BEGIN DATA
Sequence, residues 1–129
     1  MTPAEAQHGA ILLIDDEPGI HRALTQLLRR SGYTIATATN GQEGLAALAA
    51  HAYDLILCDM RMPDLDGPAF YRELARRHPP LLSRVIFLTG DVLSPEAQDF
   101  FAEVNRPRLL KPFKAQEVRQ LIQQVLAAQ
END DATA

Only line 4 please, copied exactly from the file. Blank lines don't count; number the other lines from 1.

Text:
   101  FAEVNRPRLL KPFKAQEVRQ LIQQVLAAQ